Intercommunal violence on Cyprus - tensions between the Greek and Turkish communities on Cyprus erupt into sporadic outbreaks of violence, with the UN called in the keep the fragile peace
Three years of peace followed Cypriot independence in 1960. Beneath the peace, however, lay the resentment of some Greek Cypriots at the prevention of political union with Greece and a growing conflict between Greek and Turkish Cypriots over the bicommunal provisions of the constitution.
EOKA, a Greek Cypriot nationalist guerrilla organisation that fought a campaign for the end of British rule had officially disbanded and surrendered its weapons in 1959. In fact, however, many former EOKA members had retained their weapons, and some joined groups of armed irregulars. The Turkish Cypriot community responded to the growth of these groups by reviving the TMT (Turkish paramilitary) in early 1962.
In late November 1963, the president, Archbishop Makarios, introduced a proposal to amend the constitution in a way that would ensure the dominance of Greek Cypriots. In the tense atmosphere that ensued, a street brawl broke out on December 21 in Nicosia, between Turkish Cypriots and Greek Cypriot police. This fight was followed by major attacks by Greek Cypriot irregulars in Nicosia and Larnaca. Looting and destruction of Turkish villages forced many Turkish Cypriots to withdraw into defensible enclaves guarded by the TMT paramilitary. Fearful that Turkey might carry out its threat to invade, Makarios agreed to British intervention from its bases on the island.
On December 27 British troops assumed positions between opposing irregular units, and the fighting, which had claimed 100 lives on each side during the previous week, subsided temporarily. The cease-fire held in Nicosia, but by mid-February 1964 Greek Cypriot attacks at Limassol brought a renewed threat of Turkish landings. Britain appealed to the UN Security Council, and on March 4, 1964, the UN approved a resolution to establish an international peace-keeping force for duty in Cyprus.
In June 1964, the National Guard was formed by the Greek Cypriot government, which also instituted male conscription. The National Guard absorbed the various private armies into a single national military force loyal to the government and served as a deterrent to a Turkish invasion. Greek Army soldiers were clandestinely transferred to the guard on a large scale; by midsummer the National Guard consisted of an estimated 24,000 officers and men, about half from the Greek Army. Grivas, thought to be the only man who could enforce discipline over the disparate armed Greek Cypriot factions, returned from Athens to command the National Guard.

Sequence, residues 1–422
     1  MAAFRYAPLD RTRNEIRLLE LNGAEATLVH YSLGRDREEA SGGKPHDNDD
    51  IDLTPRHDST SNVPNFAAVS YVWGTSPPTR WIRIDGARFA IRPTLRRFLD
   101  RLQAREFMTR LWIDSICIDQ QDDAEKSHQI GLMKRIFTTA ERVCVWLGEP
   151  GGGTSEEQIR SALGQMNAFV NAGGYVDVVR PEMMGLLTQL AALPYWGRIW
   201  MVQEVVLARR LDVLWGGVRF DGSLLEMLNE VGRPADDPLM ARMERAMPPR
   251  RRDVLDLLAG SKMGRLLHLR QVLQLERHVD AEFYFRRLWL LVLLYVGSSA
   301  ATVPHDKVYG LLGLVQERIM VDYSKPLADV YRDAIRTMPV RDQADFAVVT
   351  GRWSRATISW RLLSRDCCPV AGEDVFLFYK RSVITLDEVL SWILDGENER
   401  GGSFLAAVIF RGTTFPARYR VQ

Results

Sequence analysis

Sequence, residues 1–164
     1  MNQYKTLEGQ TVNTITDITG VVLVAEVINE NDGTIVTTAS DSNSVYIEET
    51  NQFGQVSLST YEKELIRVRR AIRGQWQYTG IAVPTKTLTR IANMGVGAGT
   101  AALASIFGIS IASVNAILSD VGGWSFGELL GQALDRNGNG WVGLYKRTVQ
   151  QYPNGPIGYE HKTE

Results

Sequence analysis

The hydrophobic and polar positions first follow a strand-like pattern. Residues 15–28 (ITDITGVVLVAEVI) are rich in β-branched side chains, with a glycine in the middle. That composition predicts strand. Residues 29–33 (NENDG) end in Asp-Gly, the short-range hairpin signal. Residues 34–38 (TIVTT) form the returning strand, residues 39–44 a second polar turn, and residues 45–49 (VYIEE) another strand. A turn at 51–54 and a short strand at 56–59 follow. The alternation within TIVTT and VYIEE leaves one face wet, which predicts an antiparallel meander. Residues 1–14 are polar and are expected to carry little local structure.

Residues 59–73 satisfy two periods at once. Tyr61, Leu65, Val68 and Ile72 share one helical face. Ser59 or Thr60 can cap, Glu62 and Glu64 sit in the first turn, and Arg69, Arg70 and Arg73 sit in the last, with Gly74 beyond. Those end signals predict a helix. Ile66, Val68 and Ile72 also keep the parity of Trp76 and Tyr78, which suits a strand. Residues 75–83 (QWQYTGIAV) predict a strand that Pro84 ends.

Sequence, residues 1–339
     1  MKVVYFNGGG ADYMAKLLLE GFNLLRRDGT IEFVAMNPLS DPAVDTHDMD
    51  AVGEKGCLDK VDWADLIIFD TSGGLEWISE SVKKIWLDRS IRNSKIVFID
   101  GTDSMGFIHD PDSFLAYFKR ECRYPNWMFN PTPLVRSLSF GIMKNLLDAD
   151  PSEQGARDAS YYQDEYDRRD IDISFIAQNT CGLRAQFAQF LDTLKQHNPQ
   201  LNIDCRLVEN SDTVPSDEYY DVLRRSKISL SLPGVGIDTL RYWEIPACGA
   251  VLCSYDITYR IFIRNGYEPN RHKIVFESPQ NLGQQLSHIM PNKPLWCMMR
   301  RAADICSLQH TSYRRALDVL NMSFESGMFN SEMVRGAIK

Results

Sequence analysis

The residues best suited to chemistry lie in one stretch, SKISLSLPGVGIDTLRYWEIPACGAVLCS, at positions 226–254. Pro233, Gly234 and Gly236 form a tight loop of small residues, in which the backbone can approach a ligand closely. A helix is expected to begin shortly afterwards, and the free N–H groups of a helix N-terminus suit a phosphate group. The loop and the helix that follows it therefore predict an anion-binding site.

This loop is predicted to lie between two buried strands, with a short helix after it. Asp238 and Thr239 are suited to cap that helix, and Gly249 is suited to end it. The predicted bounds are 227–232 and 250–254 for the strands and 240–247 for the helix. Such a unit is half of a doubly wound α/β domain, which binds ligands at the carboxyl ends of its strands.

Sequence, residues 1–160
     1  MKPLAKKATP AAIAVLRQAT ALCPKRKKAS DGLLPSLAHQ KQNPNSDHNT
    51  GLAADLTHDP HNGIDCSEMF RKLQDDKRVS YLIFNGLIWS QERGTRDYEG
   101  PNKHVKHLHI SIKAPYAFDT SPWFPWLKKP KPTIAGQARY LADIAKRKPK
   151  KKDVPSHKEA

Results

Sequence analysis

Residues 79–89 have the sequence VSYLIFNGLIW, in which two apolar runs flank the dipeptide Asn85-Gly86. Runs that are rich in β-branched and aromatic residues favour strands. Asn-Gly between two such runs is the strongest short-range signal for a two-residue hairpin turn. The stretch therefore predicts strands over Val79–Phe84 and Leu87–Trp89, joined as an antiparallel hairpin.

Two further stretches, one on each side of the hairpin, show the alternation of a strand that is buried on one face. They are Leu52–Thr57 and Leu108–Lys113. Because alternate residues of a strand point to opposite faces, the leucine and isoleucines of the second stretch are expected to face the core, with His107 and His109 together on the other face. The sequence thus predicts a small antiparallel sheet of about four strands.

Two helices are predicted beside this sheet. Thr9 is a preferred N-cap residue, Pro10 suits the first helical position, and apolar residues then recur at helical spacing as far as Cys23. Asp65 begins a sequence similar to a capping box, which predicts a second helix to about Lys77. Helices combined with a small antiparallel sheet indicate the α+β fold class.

Meanwhile, the Turkish Cypriot community, in its newly created enclaves, organized militarily under the TMT, supported by conscription of Turkish Cypriot youths. Turkish Army troops trained the Turkish Cypriot forces, totaling an estimated 10,000 fighters, and directed the defense of the enclaves. Outbreaks of fighting continued, although the presence of UN prevented them from erupting into major hostilities. In August 1964, the National Guard carried out a coordinated sea and land assault against Kokkina on the northwest coast, in an effort to cut off the major Turkish Cypriot supply line to the mainland. Heavy attacks by Turkish jet fighter-bombers, operating beyond the range of the Greek Air Force, halted the Greek Cypriot offensive. Several years of peace followed, while the two communities improved their military readiness.
Beatlemania - the British chart topping band embarked on a world tour that saw their celebrity status shoot into the stratosphere, attracting massive crowds of screaming fans wherever they performed
By the time the successful British rock n rollers set off on their first visit across the Atlantic in February 1964, I Wanna Hold Your Hand was at Number One, and 3,000 people had gathered to greet their plane at John F. Kennedy airport in New York.
When they have their first live performance on the Ed Sullivan Show two days later, a staggering 34% of the population of the USA tuned in to watch in an age where TV’s were still something of a novelty. What was being called the “British Invasion” had began in earnest.
The term Beatlemania had been coined a little earlier back in England, and was first seen in print when the Daily Mail published an article called BEATLEMANIA: It’s happening everywhere…even in sedate Cheltenham.”
Particularly after the trip to the US, Beatlemania became charcterised by the high-pitched screaming and near-hysteria of the vast crowds of teenage girls who came to see the band as the four lads from Liverpool with floppy hair became unlikely international sex symbols. After one gig in Hull in the UK it was reported that over 40 pairs of knickers had to be cleared away.
The reasons for this explosion of almost manic obsession with the band have been debated and analysed ever since. Some ideas have been their coinciding with the post World War Two baby boom, when there were far more teenage girls than there had ever been before, even in the recent days of Elvis or Frank Sinatra.
Another has been the non sexually-threatening long hair, youth and British charm of the group, far more appealing to the new generation of girls than the sexually voracious Elvis or other older performers. There are a multitude of other ever more wacky explanations, though in the end the novelty and brilliance of the Beatles’ music is perhaps the most convincing.
Beatlemania also embodies the 60s and its rebellious counter-culture. The fathers and elder brothers of Beatles fans scorned what they saw as their unmanly appearance and music, but that made their appeal even stronger, particularly after they took a darker and more psychedelic path later in the decade.